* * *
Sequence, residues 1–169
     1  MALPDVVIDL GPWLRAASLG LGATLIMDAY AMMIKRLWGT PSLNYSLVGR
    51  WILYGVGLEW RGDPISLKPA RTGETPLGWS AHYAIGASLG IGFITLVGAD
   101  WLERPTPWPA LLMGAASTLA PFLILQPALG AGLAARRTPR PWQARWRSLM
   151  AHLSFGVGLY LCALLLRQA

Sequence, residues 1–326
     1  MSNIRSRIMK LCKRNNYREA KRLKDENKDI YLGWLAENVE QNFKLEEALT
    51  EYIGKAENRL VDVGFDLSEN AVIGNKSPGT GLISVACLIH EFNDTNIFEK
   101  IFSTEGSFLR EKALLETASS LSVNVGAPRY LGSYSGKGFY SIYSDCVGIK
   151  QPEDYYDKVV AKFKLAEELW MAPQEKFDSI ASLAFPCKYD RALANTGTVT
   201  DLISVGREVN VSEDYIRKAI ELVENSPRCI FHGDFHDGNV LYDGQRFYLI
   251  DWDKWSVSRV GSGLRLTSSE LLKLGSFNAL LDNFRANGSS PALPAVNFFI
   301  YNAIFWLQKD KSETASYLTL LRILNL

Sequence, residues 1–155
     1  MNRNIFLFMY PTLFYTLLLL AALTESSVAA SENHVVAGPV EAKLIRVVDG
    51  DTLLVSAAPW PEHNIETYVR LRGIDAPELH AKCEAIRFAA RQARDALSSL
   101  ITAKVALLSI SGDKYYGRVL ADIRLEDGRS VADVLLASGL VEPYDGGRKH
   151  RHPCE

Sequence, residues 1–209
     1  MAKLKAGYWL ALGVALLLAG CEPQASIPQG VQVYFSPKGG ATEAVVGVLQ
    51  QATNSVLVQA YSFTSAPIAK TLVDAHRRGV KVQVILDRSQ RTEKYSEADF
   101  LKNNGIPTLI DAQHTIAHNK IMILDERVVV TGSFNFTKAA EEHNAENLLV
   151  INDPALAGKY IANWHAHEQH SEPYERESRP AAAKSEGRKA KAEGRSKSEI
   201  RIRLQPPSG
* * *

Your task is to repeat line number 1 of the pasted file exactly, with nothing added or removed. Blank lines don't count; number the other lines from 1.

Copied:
Sequence, residues 1–169